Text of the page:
It was cool enough to light up the wood oven, so I rendered all of the pork fat to make lard. Many trays full, and enough lard to last for more than a year. I wrote a post about making lard here.
I've poured it all into glass jars and glass bowls with lids, and am storing in the freezer, keeping just one container in the fridge for use.
Lard kept in the fridge has excellent keeping qualities for months and we all know now that it is one of the healthy fats.

Happy Easter to you all..!

Wednesday, 12 April 2017

Quinces and Figs

The cycle of the seasons around the calendar are constantly tossing extra work at we compulsive preservers . As soon as the summer stone fruits are finished, there are pears, the steady harvesting of tomatoes and raspberries, and then quinces make their entrance.
Although the ground in one of the cow paddocks is littered with windfall quinces, according to Lavender, there is nothing as delicious as the carefully picked ones in my wheelbarrow.

No other fruit speaks of Autumn quite the way of the humble, but oh so fragrant quince.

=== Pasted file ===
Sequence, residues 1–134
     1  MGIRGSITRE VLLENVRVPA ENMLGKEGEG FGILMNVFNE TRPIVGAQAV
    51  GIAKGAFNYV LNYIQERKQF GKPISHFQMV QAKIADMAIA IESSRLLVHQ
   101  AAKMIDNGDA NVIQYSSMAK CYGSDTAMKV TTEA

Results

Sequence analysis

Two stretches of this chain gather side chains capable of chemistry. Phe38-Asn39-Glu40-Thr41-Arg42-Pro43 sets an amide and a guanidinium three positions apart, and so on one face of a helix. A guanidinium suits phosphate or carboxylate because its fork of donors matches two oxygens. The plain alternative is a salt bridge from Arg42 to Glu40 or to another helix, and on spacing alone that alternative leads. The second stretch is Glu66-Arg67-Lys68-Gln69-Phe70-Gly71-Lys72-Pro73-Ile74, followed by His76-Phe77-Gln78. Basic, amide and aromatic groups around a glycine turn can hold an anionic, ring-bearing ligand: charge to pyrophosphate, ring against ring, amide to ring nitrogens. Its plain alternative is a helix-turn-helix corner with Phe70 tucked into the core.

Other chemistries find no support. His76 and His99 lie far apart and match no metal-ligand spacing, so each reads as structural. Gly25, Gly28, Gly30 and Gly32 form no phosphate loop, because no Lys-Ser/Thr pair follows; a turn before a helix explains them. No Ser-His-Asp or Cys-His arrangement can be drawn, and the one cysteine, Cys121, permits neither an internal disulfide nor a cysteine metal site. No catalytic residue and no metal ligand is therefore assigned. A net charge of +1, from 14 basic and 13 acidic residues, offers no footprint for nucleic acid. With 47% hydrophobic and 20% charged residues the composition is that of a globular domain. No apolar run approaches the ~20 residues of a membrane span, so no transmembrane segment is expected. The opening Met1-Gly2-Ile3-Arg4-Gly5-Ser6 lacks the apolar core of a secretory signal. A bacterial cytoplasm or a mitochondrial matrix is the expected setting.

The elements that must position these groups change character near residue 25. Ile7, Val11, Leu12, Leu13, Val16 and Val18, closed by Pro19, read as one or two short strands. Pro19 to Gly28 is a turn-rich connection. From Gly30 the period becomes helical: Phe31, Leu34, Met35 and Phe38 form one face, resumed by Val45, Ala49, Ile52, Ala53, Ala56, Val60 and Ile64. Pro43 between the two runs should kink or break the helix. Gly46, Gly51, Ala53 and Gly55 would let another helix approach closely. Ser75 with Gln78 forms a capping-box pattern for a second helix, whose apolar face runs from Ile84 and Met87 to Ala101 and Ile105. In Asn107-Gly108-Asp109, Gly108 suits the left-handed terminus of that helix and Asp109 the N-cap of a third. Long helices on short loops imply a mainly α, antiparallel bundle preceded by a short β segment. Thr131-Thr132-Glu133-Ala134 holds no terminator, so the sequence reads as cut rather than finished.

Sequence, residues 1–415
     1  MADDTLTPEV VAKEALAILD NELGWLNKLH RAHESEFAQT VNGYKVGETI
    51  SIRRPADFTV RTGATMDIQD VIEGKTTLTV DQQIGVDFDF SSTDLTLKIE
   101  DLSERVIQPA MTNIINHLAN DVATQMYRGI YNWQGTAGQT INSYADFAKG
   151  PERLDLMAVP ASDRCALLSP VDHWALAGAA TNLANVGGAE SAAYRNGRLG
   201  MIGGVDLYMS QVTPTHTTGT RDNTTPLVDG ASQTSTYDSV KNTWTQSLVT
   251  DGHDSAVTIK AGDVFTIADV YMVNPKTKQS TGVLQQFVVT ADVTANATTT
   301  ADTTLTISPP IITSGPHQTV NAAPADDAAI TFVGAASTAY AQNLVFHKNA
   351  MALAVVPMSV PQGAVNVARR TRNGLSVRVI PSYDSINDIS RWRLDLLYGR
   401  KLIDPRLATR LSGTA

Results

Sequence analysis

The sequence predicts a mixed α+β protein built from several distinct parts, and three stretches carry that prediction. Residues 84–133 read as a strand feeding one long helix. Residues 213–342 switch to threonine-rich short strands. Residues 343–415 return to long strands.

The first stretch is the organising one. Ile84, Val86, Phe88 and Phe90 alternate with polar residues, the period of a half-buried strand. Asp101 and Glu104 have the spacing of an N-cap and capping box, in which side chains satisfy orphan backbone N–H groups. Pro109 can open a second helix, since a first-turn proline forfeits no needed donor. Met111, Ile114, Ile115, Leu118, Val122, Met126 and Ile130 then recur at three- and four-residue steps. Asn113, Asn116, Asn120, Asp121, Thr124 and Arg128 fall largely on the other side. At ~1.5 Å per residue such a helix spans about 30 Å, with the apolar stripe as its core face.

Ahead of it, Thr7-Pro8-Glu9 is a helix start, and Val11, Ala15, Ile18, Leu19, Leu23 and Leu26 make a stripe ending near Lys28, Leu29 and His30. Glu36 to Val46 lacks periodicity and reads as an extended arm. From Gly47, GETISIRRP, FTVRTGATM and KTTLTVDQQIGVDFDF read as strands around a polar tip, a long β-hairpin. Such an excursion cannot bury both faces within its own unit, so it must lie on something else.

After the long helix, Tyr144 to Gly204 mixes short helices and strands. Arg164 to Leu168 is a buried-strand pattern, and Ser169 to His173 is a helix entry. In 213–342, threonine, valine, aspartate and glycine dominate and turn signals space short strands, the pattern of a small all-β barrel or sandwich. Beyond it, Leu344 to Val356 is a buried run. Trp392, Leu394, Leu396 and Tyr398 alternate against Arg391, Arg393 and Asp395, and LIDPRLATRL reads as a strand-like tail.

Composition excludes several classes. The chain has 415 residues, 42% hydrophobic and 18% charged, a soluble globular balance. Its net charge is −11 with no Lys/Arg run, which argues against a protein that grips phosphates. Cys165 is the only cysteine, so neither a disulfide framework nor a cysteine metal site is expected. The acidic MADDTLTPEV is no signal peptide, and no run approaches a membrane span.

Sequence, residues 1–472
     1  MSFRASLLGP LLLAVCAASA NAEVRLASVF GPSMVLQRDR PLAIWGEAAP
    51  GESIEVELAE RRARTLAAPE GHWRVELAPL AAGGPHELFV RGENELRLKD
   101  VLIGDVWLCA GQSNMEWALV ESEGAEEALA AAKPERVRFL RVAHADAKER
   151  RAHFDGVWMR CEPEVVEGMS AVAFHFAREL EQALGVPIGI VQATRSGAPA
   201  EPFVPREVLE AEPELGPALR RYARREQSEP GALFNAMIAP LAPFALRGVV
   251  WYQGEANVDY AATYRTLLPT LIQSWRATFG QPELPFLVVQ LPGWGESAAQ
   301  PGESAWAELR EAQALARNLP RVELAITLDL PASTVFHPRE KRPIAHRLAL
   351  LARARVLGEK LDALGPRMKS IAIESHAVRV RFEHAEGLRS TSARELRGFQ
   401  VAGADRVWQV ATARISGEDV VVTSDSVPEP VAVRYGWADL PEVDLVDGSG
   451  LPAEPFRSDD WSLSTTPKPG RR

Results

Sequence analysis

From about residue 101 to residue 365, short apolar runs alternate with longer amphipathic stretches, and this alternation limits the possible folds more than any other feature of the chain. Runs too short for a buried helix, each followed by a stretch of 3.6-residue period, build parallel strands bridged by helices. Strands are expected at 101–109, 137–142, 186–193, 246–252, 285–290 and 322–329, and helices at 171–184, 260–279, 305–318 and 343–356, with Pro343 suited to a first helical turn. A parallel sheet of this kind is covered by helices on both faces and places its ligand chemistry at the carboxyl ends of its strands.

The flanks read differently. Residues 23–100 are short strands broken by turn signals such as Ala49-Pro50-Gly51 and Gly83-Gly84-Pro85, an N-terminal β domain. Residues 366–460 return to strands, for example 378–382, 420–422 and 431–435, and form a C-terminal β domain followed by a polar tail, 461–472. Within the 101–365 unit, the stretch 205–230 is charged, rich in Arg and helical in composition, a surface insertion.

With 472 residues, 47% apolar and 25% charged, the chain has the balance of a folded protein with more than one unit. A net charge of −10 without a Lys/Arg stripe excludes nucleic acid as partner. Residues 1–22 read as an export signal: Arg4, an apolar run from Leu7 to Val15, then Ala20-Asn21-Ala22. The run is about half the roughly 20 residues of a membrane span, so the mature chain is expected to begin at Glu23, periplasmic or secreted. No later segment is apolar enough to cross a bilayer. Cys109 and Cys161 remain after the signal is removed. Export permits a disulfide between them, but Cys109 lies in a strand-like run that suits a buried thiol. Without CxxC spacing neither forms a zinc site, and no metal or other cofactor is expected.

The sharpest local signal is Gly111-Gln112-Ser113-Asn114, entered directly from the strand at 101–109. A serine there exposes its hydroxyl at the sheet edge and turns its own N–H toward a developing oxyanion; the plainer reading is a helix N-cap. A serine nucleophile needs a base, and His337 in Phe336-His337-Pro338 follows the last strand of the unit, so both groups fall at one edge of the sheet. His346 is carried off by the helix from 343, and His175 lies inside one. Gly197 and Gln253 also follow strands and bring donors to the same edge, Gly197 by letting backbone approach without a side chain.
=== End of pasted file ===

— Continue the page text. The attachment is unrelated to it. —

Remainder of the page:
And they are available to purchase by the half case too, for even better value at $10, bring your own box. 
As well as the yearly standing orders the remainder were snapped up as soon as I announced their availability on our local Facebook buy and sell page, so there were quite a few trips down to the quince paddock with the wheelbarrow.

These Portuguese Tarts were a delightful surprise gift from Jo, who buys our quinces every year. Their catering business, Deliciously Devious, has a stall at our local Barossa Farmer's Market each Saturday morning, and I can highly recommend everything they make. These were absolutely sensational and very much appreciated and enjoyed. Such a treat, and so thoughtful of Jo to thoroughly make our day.
 I'm yet to start on cooking with the quinces I've retained, but all of the living areas in the house have bowls of them, just for the fragrance.

  We found more ripe figs on a tree next to one of the leased sheep paddocks when we were doing our daily rounds. I always thought a fig was a fig, but these are called green figs and are super sweet.

I made more fig jam.

Sold some in the farmgate shop, and I might have eaten a few too many, but they are irresistible.

Half of the kitchen table is covered in jars of fig jam waiting to be labelled. I hope the outlets that I supply will want it again this year! 
What's fruiting in your area and how are you making the most of it?